Palace Theater

112 Broadway,
Lawrence, MA 01840

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Showing 1 - 25 of 35 comments

rsalters (Ron Salters)
rsalters (Ron Salters) on November 10, 2010 at 12:07 pm

The Palace is listed in the 1927 Film Daily Yearbook as having 1,980 seats, open daily.

TLSLOEWS on March 17, 2010 at 3:19 pm

Nice photo J.V.Roy.

jimroy on March 17, 2010 at 12:32 pm

I’ve got more than a few pictures now courtesy of the Lawrence Public Library and the Immigrant City Archives of Theater Row in addition to some pix of the current location put up here now.

I’m still working on some of the other individual ones in the city.

jimroy on February 19, 2010 at 10:32 am

I should also add that Fred Demara’s (The Great imposter) dad was a Union projectionist in the the palace and other Lawrence theaters. I never knew him or his dad but was told by the guys that trained me that he/they lived on State St. in Lawrence. Wikipedia said that his uncle Napoleon Louis Demara owned theaters there.

jimroy on February 18, 2010 at 1:20 pm

I remember going to the Palace as a kid. We used to stand in line outside in front waiting to get in and I remember seeing the stills to James Bond’s Dr No and Goldfinger in the poster displays. Louis Pearls was where we all bought our popcorn and if I remember correctly remained there for sometime long after the the thearerst were shut up. I saw a lot of the Disney films there like “Flubber” and “Son of Flubber” and remember having to go in to pull my sister out of “A Hard Days Night.” I remember also going there for some event where Major Mudd (a local television celebrity) made a special appearance. The last thing I saw there was a double feature of “It!” starring Roddy McDowell and “The Frozen Dead” in 1967.

Rtprovencher on December 15, 2009 at 3:58 pm

I’ve been a theater buff since I was a kid. As a native of Lowell, Mass., I prevailed upon any family member I could to take me to theaters in cities outside of Lowell. Lawrence, a smaller city than Lowell, was closest, and, so I did visit the Palace and the Warner when they were still running. The Palace was a theater one would expect to find in Boston…it was unusually fine for a city the size of Lawrence. It was bigger, more complicated, and more elaborate than anything we had in Lowell, or anthing else around. I rember it had a spacious lobby and a beautiful auditorium. Lawrence, like its sister city Lowell, failed to hang onto any vestige of its historic theaters. What a shame!

lpalermo on September 29, 2008 at 6:04 pm


Thanks for your help. I did send an e-mail to Historictheatres. I guess I’ll just wait and see what they can do for me. Thanks again.

L Palermo

Patsy on September 29, 2008 at 10:45 am

I agree…’s fairly easy to find exterior photos, but interior/floor plans are much more difficult…don’t know why that is!?!

rsalters (Ron Salters)
rsalters (Ron Salters) on September 29, 2008 at 10:33 am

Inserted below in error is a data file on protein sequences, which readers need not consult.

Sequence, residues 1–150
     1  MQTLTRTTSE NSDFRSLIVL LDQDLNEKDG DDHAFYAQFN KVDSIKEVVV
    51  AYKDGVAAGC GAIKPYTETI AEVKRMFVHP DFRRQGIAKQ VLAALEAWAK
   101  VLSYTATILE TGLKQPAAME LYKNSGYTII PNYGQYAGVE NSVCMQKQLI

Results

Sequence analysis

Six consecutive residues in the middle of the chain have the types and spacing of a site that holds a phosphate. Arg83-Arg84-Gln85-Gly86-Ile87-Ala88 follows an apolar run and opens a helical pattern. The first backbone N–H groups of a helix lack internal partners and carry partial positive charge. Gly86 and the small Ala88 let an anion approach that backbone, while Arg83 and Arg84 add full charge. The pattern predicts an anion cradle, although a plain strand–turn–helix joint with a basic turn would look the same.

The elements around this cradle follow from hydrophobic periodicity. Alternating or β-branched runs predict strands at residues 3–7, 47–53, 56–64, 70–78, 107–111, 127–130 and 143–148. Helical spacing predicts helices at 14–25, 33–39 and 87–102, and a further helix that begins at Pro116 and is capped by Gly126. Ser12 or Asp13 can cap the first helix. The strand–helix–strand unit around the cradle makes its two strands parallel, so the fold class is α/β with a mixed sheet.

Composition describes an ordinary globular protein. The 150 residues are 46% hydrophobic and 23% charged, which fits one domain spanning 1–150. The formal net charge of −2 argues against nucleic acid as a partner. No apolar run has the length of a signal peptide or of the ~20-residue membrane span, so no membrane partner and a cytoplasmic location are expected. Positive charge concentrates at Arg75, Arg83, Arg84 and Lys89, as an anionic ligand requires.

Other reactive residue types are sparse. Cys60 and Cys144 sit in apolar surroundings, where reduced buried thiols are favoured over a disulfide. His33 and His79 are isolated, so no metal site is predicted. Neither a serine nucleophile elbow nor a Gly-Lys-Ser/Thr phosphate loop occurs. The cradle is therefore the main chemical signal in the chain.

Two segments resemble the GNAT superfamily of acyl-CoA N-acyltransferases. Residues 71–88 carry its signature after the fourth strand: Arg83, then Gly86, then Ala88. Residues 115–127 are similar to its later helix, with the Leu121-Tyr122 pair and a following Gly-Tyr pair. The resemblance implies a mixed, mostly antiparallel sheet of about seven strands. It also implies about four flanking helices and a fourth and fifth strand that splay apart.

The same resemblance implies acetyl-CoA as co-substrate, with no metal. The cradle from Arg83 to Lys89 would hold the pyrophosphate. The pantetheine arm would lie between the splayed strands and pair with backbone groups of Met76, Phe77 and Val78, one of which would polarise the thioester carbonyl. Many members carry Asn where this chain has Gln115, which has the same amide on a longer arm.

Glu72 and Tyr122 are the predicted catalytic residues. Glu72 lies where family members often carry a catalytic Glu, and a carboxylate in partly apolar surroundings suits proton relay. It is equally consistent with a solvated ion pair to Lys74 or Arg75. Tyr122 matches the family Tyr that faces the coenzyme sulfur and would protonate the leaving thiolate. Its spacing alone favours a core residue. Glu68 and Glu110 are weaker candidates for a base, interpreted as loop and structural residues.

palermo- you can try the Theatre Historical Society; they have a huge archive in IL. Their website is; their e-mail address is there. It’s fairly easy to find exterior photos, but interior photos and floor plans are much more difficult. They charge a fee for copies of their stuff.

Patsy on September 28, 2008 at 2:07 pm

palermo: I can’t be of help, but I’m sure someone on CT will be able to contribute these items.

lpalermo on September 28, 2008 at 11:03 am

Does anyone know where I can obtain a photo for the interior of the Palace Theater that was located in Lawrence Ma and a copy of the floor plan. Thanks Louie

jimgriff on May 11, 2008 at 9:29 pm

hi cgk,

Yes, my bad. It was the State (my memory is almost flawless… almost).


MasterPeaceProductions on May 7, 2008 at 2:40 pm

As a fourth-generation Lawrencian and filmmaker, I am moved and inspired by your comments and recollections about Theater Row. My grandmother told me many stories about spending a Saturday afternoon in these theaters, paying a quarter and watching the show over and over again all day. Certainly her love of films, and my grandfather’s projector duties at Sacred Heart Church, fueled my filmmaking passion. Now they’re gone, along with the theaters and I miss all of them, for sure.

It is my hope to honor them with the film I’m now in pre-production on, entitled “Millies” – the story of a troubled group of mill girls who return from 1912 to the present day to guide a bankrupt mill-owner as they discover her future affects their past. We have a tentative shoot date to film in Lawrence in Spring 2009, and certainly the recollections and comments from people like you are wonderful to have.

The film touches on the 1912 textile strike, and parallels between the ethnic clashes of yesteryear and the clashes of today, while showcasing what I think are still unbelievable aesthetics here in the immigrant city. Hopefully we capture these images for posterity in the way these postcards did back then. Meanwhile, to read more on the Millies production, visit and please drop me a line! In any case, I am very excited to see the pictures and links you’ve posted here to Lawrence’s film history, and I look forward to future posts.

Lorre Fritchy

321cgk on February 28, 2008 at 4:24 pm

Was the State movie theater across from the Palce and Broadway?

rsalters (Ron Salters)
rsalters (Ron Salters) on December 17, 2007 at 10:34 am